Date of Award

2003

Degree Type

Thesis

Degree Name

Doctor of Philosophy

School

School of Community and Language Studies.

Faculty

Community Services, Education and Social Sciences.

First Advisor

Dr. Alan Tapper

Abstract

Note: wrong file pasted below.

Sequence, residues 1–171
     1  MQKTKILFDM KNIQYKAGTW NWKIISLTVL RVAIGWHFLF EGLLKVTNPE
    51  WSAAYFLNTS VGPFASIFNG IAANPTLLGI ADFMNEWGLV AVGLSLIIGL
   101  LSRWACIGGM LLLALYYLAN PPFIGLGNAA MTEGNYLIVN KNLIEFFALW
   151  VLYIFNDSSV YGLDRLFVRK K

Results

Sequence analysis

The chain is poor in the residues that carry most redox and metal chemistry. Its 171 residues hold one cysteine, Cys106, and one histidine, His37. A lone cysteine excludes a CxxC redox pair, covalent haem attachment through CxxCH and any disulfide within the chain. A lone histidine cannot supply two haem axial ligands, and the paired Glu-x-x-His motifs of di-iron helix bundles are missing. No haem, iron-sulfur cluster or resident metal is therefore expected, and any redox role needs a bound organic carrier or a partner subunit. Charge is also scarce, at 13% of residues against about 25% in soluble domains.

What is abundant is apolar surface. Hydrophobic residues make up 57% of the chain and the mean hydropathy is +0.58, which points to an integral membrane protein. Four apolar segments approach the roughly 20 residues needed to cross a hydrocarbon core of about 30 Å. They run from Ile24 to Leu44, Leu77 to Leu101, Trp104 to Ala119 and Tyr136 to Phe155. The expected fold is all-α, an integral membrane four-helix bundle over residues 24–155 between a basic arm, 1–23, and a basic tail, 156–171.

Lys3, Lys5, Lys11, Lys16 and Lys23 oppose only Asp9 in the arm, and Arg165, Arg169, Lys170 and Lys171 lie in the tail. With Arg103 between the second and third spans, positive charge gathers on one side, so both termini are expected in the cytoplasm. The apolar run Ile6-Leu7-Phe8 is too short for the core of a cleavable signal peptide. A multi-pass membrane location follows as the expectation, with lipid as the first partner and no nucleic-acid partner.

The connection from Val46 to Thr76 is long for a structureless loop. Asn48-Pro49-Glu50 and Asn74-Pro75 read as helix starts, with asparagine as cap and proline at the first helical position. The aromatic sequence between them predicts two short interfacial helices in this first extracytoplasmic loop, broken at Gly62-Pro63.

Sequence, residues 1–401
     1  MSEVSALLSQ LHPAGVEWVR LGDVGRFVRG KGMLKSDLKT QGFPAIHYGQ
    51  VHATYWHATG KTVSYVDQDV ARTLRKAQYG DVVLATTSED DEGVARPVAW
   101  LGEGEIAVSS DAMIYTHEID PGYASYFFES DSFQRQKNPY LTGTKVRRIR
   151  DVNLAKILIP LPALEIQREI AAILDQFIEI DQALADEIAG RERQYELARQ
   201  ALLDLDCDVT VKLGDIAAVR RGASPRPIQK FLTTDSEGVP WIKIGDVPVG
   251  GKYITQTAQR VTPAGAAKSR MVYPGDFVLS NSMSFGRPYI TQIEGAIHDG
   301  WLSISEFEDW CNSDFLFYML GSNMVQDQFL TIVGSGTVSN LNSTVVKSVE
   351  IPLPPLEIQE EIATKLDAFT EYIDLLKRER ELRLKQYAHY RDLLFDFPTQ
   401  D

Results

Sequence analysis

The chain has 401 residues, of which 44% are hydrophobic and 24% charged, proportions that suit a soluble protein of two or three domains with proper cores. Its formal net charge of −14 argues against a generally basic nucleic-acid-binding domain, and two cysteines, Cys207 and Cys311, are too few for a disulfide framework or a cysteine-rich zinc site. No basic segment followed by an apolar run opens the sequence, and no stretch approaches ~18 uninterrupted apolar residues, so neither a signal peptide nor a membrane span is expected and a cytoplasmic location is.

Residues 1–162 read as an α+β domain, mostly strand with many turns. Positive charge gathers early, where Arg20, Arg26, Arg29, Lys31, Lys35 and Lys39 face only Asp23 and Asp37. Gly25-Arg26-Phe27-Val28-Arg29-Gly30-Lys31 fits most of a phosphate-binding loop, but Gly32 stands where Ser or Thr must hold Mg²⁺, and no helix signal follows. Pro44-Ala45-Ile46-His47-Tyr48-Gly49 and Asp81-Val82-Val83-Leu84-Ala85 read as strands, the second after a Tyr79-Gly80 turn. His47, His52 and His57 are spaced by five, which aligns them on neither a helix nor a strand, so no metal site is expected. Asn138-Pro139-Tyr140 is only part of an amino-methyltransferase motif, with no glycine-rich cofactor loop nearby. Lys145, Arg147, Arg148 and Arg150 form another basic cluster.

This is a cross-national qualitative study with the purpose of obtaining perspectives held by people with quadriplegia and leading figures in disability movements in the Netherlands and Australia on the issues of euthanasia and physician-assisted suicide (EPAS). A disability voice is not prominent in public debate on EPAS in Australia or the Netherlands, even though people with disabilities are often thought to be vulnerable in relation to EPAS policies. Disability perspectives are potentially valuable in illuminating issues in relation to euthanasia and physician-assisted suicide, because issues of dependence, independence, and individual autonomy play important roles in relation to both EPAS and to living with disability. The study's methodology uses a phenomenological approach and incorporates aspects of heuristics and grounded theory. Its conceptual framework incorporates MacIntyre's (1999) theory of acknowledged dependency and vulnerability; Habermas' (1989) theory of knowledge; and Festinger's (1959) theory of cognitive dissonance. The main sample of twenty people with quadriplegia (the grassroots sample) was interviewed in the Netherlands and in Australia.